Finding Melania is a performance art piece about the former First Lady, left without her husband, gone delirious. But there’s no real narrative here. This is immersive, surreal theatre that feels like peering into the character’s brain. And it is a character – a hyperbolic version of the Melania we’ve seen in photographs and in the background of news reports. Creator and performer Denise Stephenson is imagining what might be behind that concrete smile and pristine façade.

As we enter the small performance space at Underbelly, Melania is already on stage, relentlessly inflating an orange exercise ball with a foot pump. She says nothing and continues with this for an almost-uncomfortable length of time. However, there’s no plug to stop it from deflating, so throughout the show it is passed around the audience and we are used like serfs as her “hole-pluggers”. This notion of the audience as props or employees here to fulfil Melania’s whims continues. She asks us to lift items for her, makes us pass around ridiculous canapés, touches our hair, and demands we “take pictures” of her. It’s all quite bamboozling but definitely comical, and it doesn’t take long for her childlike, wacky demeanour to become hypnotic. Quite often we have no idea why she’s doing what she’s doing but we can’t help but laugh, mesmerised.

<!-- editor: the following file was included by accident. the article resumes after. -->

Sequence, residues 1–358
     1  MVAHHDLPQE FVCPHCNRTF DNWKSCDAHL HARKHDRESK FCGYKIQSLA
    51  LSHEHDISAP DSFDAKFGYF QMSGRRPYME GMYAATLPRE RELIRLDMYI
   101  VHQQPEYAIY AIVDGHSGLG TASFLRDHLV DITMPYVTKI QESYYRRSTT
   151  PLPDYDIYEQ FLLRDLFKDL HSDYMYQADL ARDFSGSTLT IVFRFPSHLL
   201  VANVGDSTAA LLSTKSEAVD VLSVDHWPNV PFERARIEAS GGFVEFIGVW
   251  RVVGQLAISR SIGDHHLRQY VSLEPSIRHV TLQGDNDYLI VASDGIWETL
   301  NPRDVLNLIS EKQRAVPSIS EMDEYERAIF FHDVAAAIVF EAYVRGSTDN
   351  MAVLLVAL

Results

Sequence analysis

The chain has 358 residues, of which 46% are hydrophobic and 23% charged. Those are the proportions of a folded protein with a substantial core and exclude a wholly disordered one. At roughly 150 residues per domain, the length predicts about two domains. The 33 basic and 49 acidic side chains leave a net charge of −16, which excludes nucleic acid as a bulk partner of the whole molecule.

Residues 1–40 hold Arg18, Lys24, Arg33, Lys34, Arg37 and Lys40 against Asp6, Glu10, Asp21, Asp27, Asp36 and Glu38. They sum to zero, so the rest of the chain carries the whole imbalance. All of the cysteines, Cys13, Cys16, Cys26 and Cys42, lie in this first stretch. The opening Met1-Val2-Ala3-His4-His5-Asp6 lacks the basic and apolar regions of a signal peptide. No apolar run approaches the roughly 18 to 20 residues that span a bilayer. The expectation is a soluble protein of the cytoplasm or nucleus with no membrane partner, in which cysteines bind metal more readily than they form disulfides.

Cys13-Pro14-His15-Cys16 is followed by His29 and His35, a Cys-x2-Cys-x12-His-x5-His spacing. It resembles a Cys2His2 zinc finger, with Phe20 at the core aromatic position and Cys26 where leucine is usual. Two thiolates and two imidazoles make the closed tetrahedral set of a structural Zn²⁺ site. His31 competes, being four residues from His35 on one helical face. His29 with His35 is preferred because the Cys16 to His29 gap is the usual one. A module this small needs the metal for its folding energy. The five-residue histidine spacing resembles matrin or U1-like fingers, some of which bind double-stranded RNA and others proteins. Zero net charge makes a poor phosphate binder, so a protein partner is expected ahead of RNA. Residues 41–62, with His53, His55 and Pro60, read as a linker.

Eventually, as her antics move from wacky to manic to somewhat creepy, we develop a sense that she is perhaps traumatised from her time in the limelight when she was inexplicably supportive of one of the most hated men in the world. The character we’re watching is a representation of either that self-betrayal or that madness. She is an amalgamation of arrogance, delusion, and desperation.

This is challenging theatre that might not do anything for some but if you’re willing to take a chance on something more unusual, this is a strong piece of clown surrealism worth experiencing.